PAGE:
California

‘We have enough mischief:’ Jerry Brown vetoes later bar closing times.

Hear Sen. Scott Wiener’s reaction on his bill to allow California bars and nightclubs to stay open until 4 a.m.

State Senator Scott Wiener, D-San Francisco, weighs in on his bill that could allow California bars and nightclubs to stay open until 4 a.m.
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State Senator Scott Wiener, D-San Francisco, weighs in on his bill that could allow California bars and nightclubs to stay open until 4 a.m.

Gov. Jerry Brown is known to have a drink or two, but he believes there is “enough mischief” at California bars open until 2 a.m.

He vetoed a measure Friday that would have extended last call by two hours in nine California cities.

“Without question, these two extra hours will result in more drinking,” Brown wrote in his veto message. “California’s laws regulating late night drinking have been on the books since 1913. I believe we have enough mischief from midnight to 2 without adding two more hours of mayhem.”

Senate Bill 905 by Sen. Scott Wiener, D-San Francisco, would have authorized bars in Cathedral City, Coachella, Long Beach, Los Angeles, Oakland, Palm Springs, Sacramento, San Francisco and West Hollywood to stay open until 4 a.m as part of a pilot program beginning Jan. 1, 2021.

A restaurant employee describes how extended bar hours may affect workers in the Sacramento industry. Senate Bill 905 in the California Legislature would allow the city to craft its own rules and choose to keep bars open until 4 a.m.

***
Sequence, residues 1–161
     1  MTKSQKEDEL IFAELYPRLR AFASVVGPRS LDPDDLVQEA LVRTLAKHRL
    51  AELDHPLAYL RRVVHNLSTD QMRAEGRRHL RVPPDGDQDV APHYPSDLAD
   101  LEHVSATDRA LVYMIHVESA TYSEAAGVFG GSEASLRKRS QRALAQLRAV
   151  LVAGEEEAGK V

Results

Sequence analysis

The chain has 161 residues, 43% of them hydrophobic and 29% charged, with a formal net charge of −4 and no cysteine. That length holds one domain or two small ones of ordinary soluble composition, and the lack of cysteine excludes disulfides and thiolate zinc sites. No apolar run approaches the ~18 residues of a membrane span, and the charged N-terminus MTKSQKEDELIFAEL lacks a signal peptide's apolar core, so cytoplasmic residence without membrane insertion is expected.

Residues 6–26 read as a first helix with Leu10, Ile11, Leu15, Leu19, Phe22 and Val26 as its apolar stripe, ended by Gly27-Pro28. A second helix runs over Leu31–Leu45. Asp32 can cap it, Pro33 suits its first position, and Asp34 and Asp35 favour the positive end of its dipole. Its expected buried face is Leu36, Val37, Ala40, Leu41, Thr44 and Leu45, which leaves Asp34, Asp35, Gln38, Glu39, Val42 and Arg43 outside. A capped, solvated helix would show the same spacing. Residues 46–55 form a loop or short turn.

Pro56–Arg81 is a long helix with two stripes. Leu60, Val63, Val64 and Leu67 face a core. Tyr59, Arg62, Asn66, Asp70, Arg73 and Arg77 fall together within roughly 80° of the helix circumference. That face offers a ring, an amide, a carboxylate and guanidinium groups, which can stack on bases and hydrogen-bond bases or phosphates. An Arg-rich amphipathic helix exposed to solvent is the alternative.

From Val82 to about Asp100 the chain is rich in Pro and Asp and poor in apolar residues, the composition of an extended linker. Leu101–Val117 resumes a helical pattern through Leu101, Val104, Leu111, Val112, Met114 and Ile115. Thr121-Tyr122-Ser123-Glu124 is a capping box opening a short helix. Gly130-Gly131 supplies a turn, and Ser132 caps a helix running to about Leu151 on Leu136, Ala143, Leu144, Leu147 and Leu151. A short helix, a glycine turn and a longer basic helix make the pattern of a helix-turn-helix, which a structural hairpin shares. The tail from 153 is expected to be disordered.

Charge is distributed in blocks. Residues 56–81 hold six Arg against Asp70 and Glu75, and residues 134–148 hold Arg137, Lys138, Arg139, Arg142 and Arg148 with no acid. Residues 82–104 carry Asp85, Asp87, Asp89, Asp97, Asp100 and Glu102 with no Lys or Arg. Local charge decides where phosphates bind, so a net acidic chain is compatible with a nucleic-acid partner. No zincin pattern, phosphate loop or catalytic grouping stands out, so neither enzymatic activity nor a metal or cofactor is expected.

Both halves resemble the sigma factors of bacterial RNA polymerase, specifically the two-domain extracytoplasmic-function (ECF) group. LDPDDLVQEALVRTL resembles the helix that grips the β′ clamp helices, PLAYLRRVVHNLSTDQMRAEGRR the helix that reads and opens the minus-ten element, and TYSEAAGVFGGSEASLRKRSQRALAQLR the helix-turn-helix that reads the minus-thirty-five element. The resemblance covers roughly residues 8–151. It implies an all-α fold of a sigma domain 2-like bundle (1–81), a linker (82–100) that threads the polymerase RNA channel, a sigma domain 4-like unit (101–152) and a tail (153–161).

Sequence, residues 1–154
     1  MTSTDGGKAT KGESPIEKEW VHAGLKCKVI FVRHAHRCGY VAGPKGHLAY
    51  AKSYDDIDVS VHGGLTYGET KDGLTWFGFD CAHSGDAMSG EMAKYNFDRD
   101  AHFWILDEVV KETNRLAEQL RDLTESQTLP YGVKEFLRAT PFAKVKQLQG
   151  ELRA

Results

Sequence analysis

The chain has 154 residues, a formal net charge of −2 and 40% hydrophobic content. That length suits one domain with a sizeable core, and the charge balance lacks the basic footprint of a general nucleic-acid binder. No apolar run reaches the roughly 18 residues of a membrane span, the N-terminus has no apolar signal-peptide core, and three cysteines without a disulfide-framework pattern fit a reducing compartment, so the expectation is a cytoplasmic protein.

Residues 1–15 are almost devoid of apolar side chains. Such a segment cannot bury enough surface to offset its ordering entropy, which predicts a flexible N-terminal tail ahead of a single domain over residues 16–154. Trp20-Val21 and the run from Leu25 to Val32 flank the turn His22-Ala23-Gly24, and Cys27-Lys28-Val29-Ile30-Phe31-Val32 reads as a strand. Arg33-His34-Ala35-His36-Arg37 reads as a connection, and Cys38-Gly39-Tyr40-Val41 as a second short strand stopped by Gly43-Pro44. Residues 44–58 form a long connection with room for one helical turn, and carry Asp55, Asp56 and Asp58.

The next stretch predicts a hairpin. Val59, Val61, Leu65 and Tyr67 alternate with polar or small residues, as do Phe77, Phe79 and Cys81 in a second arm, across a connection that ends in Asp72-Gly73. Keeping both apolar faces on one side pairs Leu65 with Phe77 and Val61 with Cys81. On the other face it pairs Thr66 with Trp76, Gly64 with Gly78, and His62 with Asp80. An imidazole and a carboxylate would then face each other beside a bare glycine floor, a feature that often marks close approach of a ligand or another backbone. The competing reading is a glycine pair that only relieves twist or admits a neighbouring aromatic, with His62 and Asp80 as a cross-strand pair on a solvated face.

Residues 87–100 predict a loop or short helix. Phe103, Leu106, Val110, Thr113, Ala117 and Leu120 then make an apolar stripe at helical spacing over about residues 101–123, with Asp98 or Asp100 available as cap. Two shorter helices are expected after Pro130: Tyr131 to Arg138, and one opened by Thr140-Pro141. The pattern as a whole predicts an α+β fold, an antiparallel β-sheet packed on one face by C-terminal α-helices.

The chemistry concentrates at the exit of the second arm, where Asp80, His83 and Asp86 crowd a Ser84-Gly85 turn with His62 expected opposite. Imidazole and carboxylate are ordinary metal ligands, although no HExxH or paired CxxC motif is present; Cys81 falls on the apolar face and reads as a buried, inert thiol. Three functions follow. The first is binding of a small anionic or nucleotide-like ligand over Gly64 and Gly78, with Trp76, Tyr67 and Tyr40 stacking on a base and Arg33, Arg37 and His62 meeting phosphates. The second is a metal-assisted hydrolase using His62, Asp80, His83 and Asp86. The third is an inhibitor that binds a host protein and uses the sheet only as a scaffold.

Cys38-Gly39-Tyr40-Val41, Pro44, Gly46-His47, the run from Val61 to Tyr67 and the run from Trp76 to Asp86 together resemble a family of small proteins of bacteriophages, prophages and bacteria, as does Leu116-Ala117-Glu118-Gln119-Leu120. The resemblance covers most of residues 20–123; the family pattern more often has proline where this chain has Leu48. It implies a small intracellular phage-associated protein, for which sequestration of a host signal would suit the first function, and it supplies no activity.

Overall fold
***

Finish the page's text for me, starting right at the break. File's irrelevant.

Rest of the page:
The bill also required that the California Highway Patrol provide the Legislature with a report on the regional impact of the new law by no later than Jan. 1, 2025. The Legislature then would have had until 2026 to either extend the law or allow it to expire. Brown’s veto message said the CHP believed the bill would result in more drunk driving.

In a statement, Wiener sais the law is outdated. “We should embrace and support our nightlife industry which brings billions of revenue to our state and employs millions of people,” he said. “It is a shame that we will continue to stifle our nightlife economy, but I remain committed to modernizing these outdated laws.”

A legislative analysis of the bill identifies several other major cities, including Chicago, Washington, D.C., New York City and others, that also have extended alcohol-service hours.

The bill was opposed by, among other entities, the Alcohol Policy Panel of San Diego County, which issued a statement that cities affected by the bill “will experience increases in alcohol consumption and related problems including violence, emergency room admission, injuries, alcohol-impaired driving and motor vehicle crashes.”

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